Inside Business: Bread Poets | VideoJim Christianson | 3/12/2013
"Our production has been increasing ever since 1998. The last five years especially as we got into Dan`s," he said.
Still, about 60 percent of his sales come directly from the downtown bakery. Lee says he likes having the close customer contact, and didn`t want to change locations. So he decided to expand the building, adding 1,200 square feet of much-needed space.
"It keeps both sides cooler, we have a lot more room to work and room to add existing equipment as we go along."
But what he`s not adding are high-tech industry ideas. Instead, he and his 14 employees are sticking with tried and true methods, including grinding their own locally-grown flour and baking all their products from scratch. Lee says in spite of all the technological advances in the baking industry, he prefers to make bread the old fashioned way. Mixing up the flour; putting the loaf in the oven.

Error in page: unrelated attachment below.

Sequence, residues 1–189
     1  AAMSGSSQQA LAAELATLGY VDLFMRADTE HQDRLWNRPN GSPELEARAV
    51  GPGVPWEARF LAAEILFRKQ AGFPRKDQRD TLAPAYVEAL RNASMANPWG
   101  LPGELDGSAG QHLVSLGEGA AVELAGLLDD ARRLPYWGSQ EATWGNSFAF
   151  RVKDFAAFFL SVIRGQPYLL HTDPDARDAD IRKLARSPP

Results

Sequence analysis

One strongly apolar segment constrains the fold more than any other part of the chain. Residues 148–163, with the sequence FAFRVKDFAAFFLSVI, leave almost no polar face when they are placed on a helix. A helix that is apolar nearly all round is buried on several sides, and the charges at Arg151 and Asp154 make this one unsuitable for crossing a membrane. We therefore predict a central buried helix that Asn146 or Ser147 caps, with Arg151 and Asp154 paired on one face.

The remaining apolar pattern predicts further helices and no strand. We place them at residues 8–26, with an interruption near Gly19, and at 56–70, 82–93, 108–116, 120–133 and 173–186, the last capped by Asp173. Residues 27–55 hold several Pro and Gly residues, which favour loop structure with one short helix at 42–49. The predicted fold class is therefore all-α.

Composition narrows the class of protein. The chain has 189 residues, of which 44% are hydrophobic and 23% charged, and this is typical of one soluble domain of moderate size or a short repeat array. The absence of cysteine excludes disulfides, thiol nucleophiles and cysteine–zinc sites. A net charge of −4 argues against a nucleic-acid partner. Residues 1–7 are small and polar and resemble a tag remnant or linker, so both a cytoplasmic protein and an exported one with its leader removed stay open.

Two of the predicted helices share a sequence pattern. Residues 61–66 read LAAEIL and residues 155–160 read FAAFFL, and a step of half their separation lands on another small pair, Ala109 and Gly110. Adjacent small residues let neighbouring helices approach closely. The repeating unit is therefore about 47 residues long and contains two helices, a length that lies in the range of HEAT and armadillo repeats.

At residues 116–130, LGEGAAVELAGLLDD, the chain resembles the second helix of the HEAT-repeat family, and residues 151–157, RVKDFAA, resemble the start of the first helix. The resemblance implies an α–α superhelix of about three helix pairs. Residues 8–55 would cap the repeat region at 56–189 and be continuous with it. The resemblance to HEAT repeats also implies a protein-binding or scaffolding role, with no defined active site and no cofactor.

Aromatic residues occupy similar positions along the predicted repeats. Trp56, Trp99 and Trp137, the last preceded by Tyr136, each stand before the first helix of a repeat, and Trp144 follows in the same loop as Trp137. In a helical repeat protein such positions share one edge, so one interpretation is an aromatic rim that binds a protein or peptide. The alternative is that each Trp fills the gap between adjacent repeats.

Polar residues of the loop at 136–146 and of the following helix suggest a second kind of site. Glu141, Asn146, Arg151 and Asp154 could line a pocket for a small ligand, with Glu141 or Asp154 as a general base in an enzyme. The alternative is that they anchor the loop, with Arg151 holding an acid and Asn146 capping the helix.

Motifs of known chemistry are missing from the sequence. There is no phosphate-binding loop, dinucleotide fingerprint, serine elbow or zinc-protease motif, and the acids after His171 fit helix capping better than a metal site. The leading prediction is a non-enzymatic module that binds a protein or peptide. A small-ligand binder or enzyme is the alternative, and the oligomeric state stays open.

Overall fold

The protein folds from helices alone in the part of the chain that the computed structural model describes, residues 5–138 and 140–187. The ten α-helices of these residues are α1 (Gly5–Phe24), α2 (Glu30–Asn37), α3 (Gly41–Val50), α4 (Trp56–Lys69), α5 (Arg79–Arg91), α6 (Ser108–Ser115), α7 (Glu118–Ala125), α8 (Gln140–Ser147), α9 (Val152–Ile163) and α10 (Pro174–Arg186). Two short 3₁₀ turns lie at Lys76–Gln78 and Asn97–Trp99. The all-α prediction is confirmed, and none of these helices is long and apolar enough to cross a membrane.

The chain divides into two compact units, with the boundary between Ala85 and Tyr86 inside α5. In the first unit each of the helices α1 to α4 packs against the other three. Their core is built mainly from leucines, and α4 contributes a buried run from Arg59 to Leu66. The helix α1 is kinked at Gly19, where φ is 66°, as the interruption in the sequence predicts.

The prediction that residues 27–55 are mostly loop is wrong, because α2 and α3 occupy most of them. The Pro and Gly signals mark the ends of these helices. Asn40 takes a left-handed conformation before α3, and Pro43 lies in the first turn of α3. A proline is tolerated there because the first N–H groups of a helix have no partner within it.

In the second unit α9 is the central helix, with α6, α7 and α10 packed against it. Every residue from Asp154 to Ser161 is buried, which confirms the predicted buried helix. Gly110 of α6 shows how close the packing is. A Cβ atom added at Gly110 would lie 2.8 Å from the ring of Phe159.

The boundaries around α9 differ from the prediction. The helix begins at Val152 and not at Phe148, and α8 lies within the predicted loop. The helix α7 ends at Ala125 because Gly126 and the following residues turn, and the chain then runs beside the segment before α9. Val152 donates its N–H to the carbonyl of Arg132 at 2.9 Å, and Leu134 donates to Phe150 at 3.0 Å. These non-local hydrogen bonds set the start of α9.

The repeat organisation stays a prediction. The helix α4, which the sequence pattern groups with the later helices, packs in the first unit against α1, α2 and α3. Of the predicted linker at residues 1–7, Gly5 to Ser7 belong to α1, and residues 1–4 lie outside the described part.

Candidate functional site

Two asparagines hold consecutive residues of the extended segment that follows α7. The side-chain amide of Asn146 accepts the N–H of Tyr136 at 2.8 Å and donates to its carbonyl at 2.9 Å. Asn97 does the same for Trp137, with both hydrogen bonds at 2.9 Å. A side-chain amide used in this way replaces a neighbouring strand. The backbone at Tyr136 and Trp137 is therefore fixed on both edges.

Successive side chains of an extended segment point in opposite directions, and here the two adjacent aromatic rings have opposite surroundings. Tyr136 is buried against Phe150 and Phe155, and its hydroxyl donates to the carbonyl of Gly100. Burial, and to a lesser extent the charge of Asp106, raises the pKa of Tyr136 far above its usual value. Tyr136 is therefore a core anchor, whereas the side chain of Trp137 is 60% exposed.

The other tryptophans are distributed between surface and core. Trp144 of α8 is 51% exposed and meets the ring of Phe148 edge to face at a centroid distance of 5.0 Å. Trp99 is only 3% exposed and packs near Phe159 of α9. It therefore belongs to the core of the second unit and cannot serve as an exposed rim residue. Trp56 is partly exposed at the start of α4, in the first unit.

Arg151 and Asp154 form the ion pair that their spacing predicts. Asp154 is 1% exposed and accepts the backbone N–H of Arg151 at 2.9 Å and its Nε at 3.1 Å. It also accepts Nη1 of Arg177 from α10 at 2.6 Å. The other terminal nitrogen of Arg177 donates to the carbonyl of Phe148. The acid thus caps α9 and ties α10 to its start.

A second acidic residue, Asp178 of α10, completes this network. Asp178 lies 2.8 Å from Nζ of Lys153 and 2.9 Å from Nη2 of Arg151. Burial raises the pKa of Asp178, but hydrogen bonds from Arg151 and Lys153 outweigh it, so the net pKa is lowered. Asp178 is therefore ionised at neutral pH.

"We started out wanting to go back to the basics, how breads were made in the old days. New technology, we`ve shunned. We`ve even shunned square pans and square loaves. We form everything into oblong loaves."
And those oblong loaves are flying out of the ovens and into customer`s kitchens. In addition to hot fresh bread, Bread Poets offers cookies and scones, and specialty items such as dinner buns. Bread Poets bakes more than 30 varieties of bread, including Irish Soda Bread, Pesto Tomato Hearth, and Southern Cheddar Cornbread. The Cinnamon Logs are the most popular followed closely by the Poet`s Wheat Bread. Lee says his personal favorite changes every few years, but right now, he`s a big fan of the Maah-Daah-Hey Trail bread.
Lee had opened Sonnets, a sandwich shop using Bread Poets bread. He recently closed those locations, but says he`d like to consider the possibility of offering sandwiches at the downtown location sometime in the future.